How is child custody determined for unmarried parents in Nevada?

Custody of children by unmarried parents depends on what is in the best interest of the child in Nevada (NRS 125C.0035).

Nevada courts prefer that parents share joint custody of their children regardless of whether the parents are divorced or never married. But judges will award primary physical custody to one parent over the other if it is in the child's best interest.

In this article, our Las Vegas family law attorneys discuss how child custody in Nevada is determined for unmarried parents.

baby held in parent's arms (custody of children of unmarried parents)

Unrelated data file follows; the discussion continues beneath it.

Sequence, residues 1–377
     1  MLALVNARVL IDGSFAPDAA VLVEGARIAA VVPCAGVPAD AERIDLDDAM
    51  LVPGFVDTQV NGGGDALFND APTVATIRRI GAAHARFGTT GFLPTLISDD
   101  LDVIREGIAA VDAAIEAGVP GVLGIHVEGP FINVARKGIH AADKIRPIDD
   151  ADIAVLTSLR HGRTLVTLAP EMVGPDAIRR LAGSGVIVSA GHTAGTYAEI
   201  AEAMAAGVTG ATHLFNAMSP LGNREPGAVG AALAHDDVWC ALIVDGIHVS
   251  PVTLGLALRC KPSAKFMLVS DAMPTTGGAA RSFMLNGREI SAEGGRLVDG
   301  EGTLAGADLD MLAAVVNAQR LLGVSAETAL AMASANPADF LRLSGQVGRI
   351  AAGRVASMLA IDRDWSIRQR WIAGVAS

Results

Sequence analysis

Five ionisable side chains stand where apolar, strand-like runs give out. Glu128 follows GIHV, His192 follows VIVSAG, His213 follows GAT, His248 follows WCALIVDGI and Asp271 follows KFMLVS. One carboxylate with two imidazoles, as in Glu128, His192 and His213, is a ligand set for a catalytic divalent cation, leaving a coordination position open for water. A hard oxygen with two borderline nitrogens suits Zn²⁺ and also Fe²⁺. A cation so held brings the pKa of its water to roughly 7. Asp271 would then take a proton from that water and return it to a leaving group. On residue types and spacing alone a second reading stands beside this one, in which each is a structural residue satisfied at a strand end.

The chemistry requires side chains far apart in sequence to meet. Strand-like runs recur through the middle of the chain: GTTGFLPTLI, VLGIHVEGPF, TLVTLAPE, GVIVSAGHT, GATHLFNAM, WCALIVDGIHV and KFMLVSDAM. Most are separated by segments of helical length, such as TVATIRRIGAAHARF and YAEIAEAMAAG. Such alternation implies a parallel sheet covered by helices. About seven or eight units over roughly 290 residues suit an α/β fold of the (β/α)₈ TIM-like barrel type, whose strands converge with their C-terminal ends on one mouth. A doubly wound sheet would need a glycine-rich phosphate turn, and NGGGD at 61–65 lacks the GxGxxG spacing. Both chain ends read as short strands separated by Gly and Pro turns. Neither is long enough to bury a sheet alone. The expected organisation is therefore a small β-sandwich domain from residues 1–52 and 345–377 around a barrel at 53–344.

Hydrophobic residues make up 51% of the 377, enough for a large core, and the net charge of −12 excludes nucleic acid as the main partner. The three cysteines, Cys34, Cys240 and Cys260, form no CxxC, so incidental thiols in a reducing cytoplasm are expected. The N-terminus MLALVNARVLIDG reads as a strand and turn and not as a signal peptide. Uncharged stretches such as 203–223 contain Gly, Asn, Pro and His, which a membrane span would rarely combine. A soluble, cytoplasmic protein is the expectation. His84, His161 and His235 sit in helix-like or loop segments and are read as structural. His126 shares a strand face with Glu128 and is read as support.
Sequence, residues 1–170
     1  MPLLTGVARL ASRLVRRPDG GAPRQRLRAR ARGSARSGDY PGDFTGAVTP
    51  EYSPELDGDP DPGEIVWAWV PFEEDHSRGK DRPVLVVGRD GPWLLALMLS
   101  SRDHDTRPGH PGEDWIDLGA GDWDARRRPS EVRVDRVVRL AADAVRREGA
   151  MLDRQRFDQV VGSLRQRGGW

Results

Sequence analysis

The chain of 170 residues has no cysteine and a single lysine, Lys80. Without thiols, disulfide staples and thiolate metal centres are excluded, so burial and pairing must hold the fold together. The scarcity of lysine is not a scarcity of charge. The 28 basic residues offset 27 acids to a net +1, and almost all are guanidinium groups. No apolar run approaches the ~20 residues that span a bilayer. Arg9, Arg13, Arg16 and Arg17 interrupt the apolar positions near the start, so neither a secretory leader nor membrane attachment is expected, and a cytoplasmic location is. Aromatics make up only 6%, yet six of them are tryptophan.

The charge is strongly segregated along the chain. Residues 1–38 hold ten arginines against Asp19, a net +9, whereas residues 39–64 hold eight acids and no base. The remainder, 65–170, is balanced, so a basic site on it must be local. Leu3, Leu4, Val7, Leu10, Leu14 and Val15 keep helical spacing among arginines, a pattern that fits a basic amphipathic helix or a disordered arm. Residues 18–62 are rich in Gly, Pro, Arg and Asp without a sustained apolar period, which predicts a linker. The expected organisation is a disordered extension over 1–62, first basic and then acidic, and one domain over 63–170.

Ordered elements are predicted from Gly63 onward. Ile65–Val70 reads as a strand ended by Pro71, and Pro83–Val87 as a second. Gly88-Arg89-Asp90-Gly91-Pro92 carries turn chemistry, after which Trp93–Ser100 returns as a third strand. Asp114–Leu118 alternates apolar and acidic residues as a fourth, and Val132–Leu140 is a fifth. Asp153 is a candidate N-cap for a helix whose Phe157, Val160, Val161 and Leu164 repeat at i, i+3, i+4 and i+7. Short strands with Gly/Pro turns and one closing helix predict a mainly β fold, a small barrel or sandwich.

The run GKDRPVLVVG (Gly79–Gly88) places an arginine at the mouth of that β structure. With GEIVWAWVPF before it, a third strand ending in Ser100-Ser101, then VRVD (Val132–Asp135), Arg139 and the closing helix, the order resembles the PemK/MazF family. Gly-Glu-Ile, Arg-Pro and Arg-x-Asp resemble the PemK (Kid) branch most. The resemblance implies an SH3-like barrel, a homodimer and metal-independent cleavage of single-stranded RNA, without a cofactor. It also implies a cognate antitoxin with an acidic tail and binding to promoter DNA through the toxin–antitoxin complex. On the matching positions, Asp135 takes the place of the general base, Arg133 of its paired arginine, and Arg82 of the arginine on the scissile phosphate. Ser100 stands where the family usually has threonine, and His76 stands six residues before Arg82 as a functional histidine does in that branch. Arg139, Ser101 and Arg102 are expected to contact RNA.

A parent of a child born out of wedlock may get primary physical custody in Nevada if the other parent abandoned the child.

1. Determining custody of children in Nevada whose parents never married

Nevada courts typically award parents joint physical custody of their children born out of wedlock unless it is in the children's best interest to grant one parent primary physical custody. (Scroll down to section 2 for more information about what constitutes "the best interest of the child.")

When determining who gets primary physical custody, judges may not give preference to the mother over the father just because of gender.

1.1. When the mother gets custody in Nevada

The mother of a child born out of wedlock may get primary physical custody if the following three conditions are true:

  1. The mother has not married the minor's father; and
  2. The court has not entered any order or judgment determining paternity; and